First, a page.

On May 10, 2007, at 5:34 PM, Daniel W. wrote:

Anyway, here’s my (long) object-oriented version of the ToH. Tell me

what you think. Oh, and if you have suggestions on where someone NOT

interested in going to college can do to learn the math necessary to

start programming “for real,” please share! Thanks!

Good choice of a relatively simple problem to solve. (I’m a newbie

to Ruby, too. I enjoyed putting a solution together. Thanks!)

Three concepts come to mind in this case:

- Understanding the problem (requirements)
- Abstraction
- Recursion

Understanding the problem (requirements):

It’s important to understand what you’re trying to solve. I don’t

mean how to solve it, but what is the goal? What are the

requirements for your solution? Just saying, “solve the Towers of

Hanoi” is too vague. Do you want to just print out the list of

movements from one tower to another? Do you want to print out which

ring it is that’s moving? Do you want to ensure that the move is

legal? And what does “legal” mean anyway? (No ring may be placed on

top of a smaller ring.) In the code below, I chose to print out the

individual moves along with the ring being moved. I chose not to

verify that every move is legal.

Abstraction:

Distill things down to their essence. You don’t have to be literal

by modeling every object in the real world. In fact, many

interesting problems don’t map well (if at all) to the real world. I

mention this because you have a “hand” object in your code, and that

seemed like too much detail. An object for the game as a whole, and

objects for each tower/peg, and for each disc/ring are all

reasonable. You’ll notice in my solution below, I didn’t create a

separate class for rings/discs; all I really care about is indicating

relative size, so a number from 1 to N is good enough, which means I

can use an ordinary integer.

Recursion:

Recursion is defining a solution based on a similar, but smaller

version of the same problem. You define how the larger problem in

terms of the smaller problem, and define what the smallest problem is

(and how to solve it – which is often trivial). (There’s also

“mutual recursion” which involves defining several routines in terms

of each other. It’s a more general form of recursion. Feel free to

Google it.)

Here’s how I thought about the problem. I have a Hanoi object which

represents the entire game. Hanoi contains three Towers. Each Tower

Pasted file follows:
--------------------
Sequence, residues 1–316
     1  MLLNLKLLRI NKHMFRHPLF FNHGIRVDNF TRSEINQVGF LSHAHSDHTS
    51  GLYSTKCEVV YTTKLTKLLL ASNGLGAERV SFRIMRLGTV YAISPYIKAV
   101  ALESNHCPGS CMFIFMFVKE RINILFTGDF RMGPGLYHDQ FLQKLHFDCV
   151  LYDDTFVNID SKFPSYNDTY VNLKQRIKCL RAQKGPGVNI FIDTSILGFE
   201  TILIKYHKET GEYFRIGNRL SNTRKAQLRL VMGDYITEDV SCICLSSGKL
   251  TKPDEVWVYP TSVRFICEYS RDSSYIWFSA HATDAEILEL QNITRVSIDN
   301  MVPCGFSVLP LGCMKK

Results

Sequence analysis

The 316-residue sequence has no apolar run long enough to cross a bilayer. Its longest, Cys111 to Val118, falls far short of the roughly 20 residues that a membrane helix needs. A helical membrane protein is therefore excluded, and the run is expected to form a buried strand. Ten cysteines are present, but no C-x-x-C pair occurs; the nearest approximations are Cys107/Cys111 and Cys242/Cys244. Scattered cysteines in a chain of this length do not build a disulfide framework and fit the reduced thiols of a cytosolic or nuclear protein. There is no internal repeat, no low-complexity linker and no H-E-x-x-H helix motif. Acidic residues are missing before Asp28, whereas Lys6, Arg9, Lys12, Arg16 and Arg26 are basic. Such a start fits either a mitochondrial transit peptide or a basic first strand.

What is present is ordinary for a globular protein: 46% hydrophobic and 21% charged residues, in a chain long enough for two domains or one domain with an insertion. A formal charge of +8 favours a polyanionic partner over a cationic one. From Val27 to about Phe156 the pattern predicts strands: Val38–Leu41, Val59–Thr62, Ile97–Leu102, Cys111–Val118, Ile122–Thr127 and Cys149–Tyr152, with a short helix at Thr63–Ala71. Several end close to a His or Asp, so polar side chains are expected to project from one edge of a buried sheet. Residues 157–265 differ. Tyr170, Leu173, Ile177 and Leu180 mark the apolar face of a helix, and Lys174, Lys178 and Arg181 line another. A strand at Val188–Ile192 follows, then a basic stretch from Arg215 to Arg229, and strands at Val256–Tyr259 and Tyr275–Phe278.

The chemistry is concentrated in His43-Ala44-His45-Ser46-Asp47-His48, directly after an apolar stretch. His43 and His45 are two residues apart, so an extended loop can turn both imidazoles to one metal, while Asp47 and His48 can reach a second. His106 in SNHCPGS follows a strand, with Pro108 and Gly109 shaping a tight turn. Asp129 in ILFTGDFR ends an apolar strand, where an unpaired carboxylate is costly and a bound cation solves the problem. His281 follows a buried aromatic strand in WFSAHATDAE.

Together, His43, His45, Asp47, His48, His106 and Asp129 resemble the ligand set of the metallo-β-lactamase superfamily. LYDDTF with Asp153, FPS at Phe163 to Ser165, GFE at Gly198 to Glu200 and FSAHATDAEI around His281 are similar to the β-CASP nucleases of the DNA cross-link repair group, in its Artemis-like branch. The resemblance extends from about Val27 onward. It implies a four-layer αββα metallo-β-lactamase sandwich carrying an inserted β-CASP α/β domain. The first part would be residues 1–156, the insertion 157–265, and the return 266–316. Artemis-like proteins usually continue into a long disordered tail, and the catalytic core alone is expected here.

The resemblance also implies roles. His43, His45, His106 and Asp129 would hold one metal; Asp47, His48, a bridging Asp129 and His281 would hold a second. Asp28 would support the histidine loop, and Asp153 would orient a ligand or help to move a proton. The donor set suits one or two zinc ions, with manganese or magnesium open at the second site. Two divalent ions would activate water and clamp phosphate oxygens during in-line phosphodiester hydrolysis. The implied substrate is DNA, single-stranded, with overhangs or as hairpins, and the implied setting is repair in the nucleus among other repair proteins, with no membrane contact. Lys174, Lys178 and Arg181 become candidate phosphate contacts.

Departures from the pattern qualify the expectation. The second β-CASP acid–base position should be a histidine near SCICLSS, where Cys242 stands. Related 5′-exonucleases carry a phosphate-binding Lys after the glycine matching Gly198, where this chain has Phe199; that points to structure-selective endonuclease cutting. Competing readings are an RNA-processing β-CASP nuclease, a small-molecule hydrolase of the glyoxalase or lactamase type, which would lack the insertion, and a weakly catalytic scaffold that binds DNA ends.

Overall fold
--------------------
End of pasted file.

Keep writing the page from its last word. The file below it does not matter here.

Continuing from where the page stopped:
has some rings, in a specific order. I represent rings as numbers in

the range 1 to N, with 1 being the smallest ring, and N being the

largest ring. I can remove (pop) a ring from a Tower, place (push) a

ring on a Tower, and see how many rings are on a Tower. Towers also

have names, so I can identify them in the printed output. Hanoi has

three Towers, with all of the rings starting on the left Tower, and

all of the rings in order from the largest on bottom to the smallest

on top. A fundamental operation is to move some number of rings from

one Tower to another. Solving the puzzle is as simple as moving all

of the rings from the left Tower to the right Tower.

How does recursion fit in? If I want to solve a puzzle with 5 rings,

that means I need to move 5 rings from left to right. In order to do

that, I need to temporarily move the top 4 rings from the left to the

middle, move the bottom ring from left to right, and then move the 4

rings from the middle to the right. Notice how I described solving

the 5 ring puzzle in terms of solving the 4 ring puzzle. Moving 4

rings involves moving the top 3 rings to an intermediate Tower,

moving the bottom of the 4 rings to its destination, and moving the

top 3 rings to the destination. And so on. Moving one ring is

trivial – just move it directly.

Here’s my code. Comments and critiques are welcome. Note that I

didn’t actually check to see whether a given move is legal; I’m a

trusting person. But if you want to do that, Tower#push would

be a good place (and Tower#pop, if you want to make sure you don’t

try to take a ring from a Tower that has no rings).

Hope this helped.

-Mark

# Print out the moves to solve the Towers of Hanoi.

# Supply the number of rings as the one and only command line argument.

class Tower

def initialize(name, rings)

@name = name

@rings = rings

end

def to_s

@name

end

def pop

@rings.pop

end

def push(ring)

@rings.push ring

end

def height

@rings.length

end

end

class Hanoi

def initialize(rings)

@left = Tower.new(“left”, [*(1…rings)].reverse)

@middle = Tower.new(“middle”, [])

@right = Tower.new(“right”, [])

end

def move(rings, from, to, other)

if rings == 1

ring = from.pop

puts “Move ring #{ring} from #{from} to #{to}”

to.push ring

else

move(rings-1, from, other, to)

move(1, from, to, other)

move(rings-1, other, to, from)

end

end

def solve

move(@left.height, @left, @right, @middle)

end

end

Hanoi.new(ARGV[0].to_i).solve